Yet, they are exploring frontcourt upgrades, and their three-point shooting is unreliable. Another wing defender and/or occasional ball-handler wouldn’t hurt, either.
The Lakers will only seek players who are ready to contribute to a title run. Two potential fits — P.J. Tucker and Trevor Ariza — are off the board.
The buyout market is far and away the easiest route. (Whether they re-up Damian Jones will determine if they have one or two open roster spots to fill.)
That said, let’s run down the list of potential trade targets.
Andre Drummond, LaMarcus Aldridge, DeMarcus Cousins
Jones, on his second 10-day contract, has performed adequately in six games while providing an element of verticality the team has sorely lacked since Dwight Howard and JaVale McGee departed.
Still, it doesn’t require a close reading of tea leaves to glean that the Lakers may not be completely satisfied with their frontcourt.
The Athletic’s Shams Charania reported that the Lakers are believed to be one of Drummond’s top suitors, but only via a buyout. Aldridge’s camp has not been linked to L.A., and his $24 million salary is virtually impossible for the Lakers to match in a trade.
Cousins is earning $17 million in 2020-21, which the Houston Rockets fully guaranteed before the two sides agreed to part ways. There’s no trade route that makes sense for the Lakers here. They could match salaries if Houston was willing to take Caldwell-Pope’s contract, but KCP is far better than Cousins at this stage.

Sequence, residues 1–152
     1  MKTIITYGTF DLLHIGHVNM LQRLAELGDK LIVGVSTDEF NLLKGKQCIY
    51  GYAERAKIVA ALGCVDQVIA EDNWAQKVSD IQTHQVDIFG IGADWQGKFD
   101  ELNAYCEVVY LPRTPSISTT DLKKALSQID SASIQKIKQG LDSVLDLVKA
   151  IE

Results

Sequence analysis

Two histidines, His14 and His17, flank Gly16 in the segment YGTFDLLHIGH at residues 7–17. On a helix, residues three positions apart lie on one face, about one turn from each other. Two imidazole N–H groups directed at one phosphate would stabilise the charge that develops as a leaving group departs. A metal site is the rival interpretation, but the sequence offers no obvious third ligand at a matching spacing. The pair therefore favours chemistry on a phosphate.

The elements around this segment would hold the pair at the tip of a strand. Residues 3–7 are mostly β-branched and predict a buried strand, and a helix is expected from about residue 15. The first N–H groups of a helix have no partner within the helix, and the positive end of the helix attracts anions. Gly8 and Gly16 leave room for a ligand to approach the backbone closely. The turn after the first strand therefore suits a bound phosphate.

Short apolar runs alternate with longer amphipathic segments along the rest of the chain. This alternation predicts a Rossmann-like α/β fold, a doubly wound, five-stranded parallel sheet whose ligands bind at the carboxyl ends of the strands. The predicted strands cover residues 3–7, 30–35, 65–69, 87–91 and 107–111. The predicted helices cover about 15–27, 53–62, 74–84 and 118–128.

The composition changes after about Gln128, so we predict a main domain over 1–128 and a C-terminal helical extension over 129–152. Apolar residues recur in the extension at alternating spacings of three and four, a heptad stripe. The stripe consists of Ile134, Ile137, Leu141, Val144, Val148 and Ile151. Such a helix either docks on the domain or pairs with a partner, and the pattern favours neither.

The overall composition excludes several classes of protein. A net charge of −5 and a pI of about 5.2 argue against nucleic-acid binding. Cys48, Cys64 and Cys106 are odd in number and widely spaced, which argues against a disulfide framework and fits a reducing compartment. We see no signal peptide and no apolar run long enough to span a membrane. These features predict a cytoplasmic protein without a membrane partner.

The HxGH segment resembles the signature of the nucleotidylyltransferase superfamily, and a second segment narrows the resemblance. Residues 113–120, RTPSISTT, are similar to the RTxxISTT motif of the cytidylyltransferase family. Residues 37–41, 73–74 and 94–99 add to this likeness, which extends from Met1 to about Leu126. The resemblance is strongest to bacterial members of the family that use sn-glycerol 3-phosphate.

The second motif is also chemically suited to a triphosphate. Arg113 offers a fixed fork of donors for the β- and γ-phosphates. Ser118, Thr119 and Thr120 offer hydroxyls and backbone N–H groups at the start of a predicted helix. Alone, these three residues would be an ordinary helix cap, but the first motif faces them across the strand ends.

Because of Whiteside’s $2.3 million salary, the Lakers could make a trade work. It’s possible the Sacramento Kings would accept a reserve (McKinnie?) and second-rounder for the center, rather than paying him to skedaddle.
L.A. reportedly has an interest in Whiteside as a contingency plan. The 31-year old would theoretically check a few boxes — he provides size (7’0, 265), shot-blocking (3.2 blocks per 36), and multiple years of service. He’s averaging 19.9 points and 14 rebounds per 36 minutes.
Whiteside isn’t a natural locker room fit, as he’s yet to prove capable of being a key cog on a winning group. On the other hand, the Lakers strong culture (led by James) got the best behavior out of Howard.
The Lakers rank 28th in 3-pointers made per game. They’ve heated up since the break, but perimeter shooting is the team’s biggest concern, especially once Davis shores up the rim protection. They have capable shooters, but they aren’t the Utah Jazz.